Charlie Monica Moody

In the industry, Charles and Monica Moody are well known and respected as the president and vice president (respectively) of Solutex, Inc., a Sterling, Virginia-based distributorship. Outside the office, Charlie and Monica consider themselves farmers — perhaps some of the most enthusiastic and happy farmers one could ever meet. 

Over the last 10 years, the Moody’s have proudly tended to a 150-acre farm near Middleburg, Virginia, a historic town 40 miles from Washington D.C. 

“We always dreamed of having land,” says Charlie. “We found the farm, made an offer, and it became ours. Our dream came true sooner in our lives than we expected it would, and we feel very grateful about that.” 

Part of that dream includes improving and preserving the property, specifically chasing the original historic appeal. Embracing a do-it-yourself attitude, the Moodys stress how much fun it has been restoring and fixing up the farm. This was especially the case when his work/home worlds collided and Charlie was tasked with finishing the cork floors in a refurbished house on the property so his mom could move in.  

It was work, but that task was much safer than the time Charlie decided to replace the barn skylights.  

“I borrowed a giant gymnastics mat from a customer — the kind that is used to keep gymnasts safe while they’re practicing vaulting — and wore the grippiest shoes I could find,” recalls Charlie. “I attached a rope to myself, put the tools on strings, and with help from a friend, got the job done.” 

Then there are the chainsaws, of which Charlie has two. With so much acreage to tend to, downed trees that fall across trails must be removed because the couple makes them available to neighbors who want to enjoy a hike. But why two chainsaws?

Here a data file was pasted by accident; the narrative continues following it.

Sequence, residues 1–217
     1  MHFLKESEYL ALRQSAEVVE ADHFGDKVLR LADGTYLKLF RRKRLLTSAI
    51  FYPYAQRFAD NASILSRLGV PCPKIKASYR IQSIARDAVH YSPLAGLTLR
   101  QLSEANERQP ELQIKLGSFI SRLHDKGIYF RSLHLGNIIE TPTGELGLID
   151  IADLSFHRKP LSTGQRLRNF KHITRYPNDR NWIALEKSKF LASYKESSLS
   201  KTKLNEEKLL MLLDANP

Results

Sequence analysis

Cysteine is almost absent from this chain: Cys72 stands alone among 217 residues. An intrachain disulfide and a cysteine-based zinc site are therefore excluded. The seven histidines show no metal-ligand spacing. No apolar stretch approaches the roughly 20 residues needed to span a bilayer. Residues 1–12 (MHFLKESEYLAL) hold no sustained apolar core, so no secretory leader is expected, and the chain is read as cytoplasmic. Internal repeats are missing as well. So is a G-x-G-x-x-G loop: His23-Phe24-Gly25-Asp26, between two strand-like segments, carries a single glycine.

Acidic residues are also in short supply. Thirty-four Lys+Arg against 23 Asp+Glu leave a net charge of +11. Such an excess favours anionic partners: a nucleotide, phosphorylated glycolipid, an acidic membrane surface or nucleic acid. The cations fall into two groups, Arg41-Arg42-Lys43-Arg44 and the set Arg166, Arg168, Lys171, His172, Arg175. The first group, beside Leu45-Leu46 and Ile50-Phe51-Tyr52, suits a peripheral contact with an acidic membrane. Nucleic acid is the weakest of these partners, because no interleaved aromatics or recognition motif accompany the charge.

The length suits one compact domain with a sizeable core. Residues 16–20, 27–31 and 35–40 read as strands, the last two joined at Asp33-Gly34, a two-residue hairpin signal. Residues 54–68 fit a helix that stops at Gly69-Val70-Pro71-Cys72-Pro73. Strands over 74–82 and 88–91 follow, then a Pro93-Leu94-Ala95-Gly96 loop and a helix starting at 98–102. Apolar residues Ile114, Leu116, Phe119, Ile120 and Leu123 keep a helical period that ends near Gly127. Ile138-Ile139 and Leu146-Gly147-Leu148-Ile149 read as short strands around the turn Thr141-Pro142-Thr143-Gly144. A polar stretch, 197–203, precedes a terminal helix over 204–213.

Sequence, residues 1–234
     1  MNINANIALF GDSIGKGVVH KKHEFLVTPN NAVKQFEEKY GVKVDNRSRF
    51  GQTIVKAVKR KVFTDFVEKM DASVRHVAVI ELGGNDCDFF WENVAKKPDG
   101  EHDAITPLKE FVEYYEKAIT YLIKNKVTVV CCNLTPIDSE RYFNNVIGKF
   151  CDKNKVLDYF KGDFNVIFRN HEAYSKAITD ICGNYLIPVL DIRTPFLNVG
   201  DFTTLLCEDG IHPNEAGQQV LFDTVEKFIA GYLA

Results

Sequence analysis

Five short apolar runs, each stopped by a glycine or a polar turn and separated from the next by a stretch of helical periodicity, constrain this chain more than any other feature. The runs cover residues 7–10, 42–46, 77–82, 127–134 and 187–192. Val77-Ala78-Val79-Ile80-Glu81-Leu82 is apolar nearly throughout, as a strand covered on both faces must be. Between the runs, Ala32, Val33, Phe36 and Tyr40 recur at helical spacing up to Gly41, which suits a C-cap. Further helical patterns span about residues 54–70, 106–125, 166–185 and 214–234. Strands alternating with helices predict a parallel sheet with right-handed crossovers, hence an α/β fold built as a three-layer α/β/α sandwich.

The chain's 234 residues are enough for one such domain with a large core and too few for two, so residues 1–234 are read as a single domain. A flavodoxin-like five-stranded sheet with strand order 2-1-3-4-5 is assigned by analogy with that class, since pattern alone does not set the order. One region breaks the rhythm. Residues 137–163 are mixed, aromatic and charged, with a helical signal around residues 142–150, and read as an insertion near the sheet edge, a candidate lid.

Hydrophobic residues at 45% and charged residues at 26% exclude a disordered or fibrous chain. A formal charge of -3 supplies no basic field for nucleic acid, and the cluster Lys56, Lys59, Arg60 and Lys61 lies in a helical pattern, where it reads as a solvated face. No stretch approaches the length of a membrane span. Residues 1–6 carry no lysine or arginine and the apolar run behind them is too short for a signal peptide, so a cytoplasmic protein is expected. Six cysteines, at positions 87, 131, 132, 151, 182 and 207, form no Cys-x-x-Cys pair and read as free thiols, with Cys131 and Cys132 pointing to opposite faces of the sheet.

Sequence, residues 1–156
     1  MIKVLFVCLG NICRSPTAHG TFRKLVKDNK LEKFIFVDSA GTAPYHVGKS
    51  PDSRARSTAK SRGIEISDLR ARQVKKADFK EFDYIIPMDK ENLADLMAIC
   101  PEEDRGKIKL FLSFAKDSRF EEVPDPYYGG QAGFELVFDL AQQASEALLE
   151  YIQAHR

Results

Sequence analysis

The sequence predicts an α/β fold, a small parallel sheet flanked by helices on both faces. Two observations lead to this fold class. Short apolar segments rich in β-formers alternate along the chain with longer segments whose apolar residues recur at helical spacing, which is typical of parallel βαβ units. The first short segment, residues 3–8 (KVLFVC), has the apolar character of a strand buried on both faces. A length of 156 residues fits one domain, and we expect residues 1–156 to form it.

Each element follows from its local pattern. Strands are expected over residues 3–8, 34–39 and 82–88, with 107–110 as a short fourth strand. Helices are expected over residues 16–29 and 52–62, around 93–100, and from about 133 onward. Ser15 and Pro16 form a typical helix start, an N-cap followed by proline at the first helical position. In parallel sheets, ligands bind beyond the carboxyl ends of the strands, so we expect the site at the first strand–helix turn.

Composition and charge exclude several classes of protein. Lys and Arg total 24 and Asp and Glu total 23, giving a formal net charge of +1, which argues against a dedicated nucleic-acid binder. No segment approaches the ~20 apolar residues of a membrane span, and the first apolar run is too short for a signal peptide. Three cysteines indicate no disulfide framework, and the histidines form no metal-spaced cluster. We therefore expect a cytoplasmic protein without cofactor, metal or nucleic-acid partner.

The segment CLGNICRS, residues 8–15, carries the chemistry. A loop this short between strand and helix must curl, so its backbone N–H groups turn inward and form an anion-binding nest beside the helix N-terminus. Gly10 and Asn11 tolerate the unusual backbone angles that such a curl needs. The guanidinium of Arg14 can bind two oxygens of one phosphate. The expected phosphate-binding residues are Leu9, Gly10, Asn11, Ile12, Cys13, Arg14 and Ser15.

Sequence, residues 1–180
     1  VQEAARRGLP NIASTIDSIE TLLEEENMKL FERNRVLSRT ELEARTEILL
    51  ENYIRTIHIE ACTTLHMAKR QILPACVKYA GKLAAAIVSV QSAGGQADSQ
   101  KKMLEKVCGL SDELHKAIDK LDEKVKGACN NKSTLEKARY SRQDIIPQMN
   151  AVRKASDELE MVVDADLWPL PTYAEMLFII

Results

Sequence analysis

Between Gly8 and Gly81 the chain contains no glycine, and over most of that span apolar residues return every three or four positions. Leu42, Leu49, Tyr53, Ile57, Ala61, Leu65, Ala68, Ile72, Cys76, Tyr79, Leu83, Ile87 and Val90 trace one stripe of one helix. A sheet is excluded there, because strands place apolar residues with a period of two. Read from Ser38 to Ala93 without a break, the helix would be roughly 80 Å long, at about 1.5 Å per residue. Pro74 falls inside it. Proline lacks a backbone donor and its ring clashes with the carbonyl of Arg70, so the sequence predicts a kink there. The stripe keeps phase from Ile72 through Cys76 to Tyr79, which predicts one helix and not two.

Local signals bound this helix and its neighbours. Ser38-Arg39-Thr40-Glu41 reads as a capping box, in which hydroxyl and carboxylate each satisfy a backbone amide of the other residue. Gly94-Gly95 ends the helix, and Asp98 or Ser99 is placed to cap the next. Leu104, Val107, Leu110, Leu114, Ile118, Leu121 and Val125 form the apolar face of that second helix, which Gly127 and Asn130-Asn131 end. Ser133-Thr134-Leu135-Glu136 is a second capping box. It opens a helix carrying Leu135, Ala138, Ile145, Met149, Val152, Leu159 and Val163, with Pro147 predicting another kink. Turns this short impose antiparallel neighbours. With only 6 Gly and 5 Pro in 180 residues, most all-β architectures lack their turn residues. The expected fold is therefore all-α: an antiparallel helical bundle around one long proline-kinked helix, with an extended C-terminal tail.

“I use the second one to free the first one when I get it stuck,” Charlie shares with a chuckle.  

After stowing the chainsaws, Charlie set his sights on crafting a new barn door, not a small task when a single door measures 13-by-13 feet. He required a large, flat working area.  

“The barn has a dirt floor, so in order to have a good surface on which to build the door, I brought in 16 pallets from our warehouse, added plywood on the top to make a floor, and built the door from rough-sawn Douglas fir,” recalls Charlie.  

Upon completion, he called the neighbors over and they helped with the installation — not unlike an old-fashioned barn-raising party.   

The Moodys always welcome neighbors to their property, and that includes some less traditional visitors.  

“We like to think of our farm as a reserve. We’re caring for the land in a way that allows the wildlife to thrive. We have wild turkeys, raccoons, minks, black bears, coyotes, deer, and on a single day in the Fall, I counted 28 bald eagles in our trees.” Charlie shares. “We love the nature around us.” 

Along with the wild animals, Charlie and Monica have hayfields where a local farmer cuts and bales the hay. Thinking that maybe the hay was used to feed thoroughbred horses, he learned just the opposite — they ship it off to mushroom farmers, where it’s used on the growing tables.  

“Apparently, our hay is of the lowest caliber,” he says with a laugh. 

In reflecting on farm life, Charlie says, “I feel like the land is loaned to us and put in our care while we’re alive. There’s always work to do, and I’m never bored.”  

The Moodys enjoy their connection with the land in an almost spiritual way, and residing there leaves them with hearts full of gratitude.  

Gretchen Roufs, a 25-year janitorial supply industry veteran, owns a marketing and public relations company in San Antonio. To suggest someone you think should be featured in “Freetime,” contact her at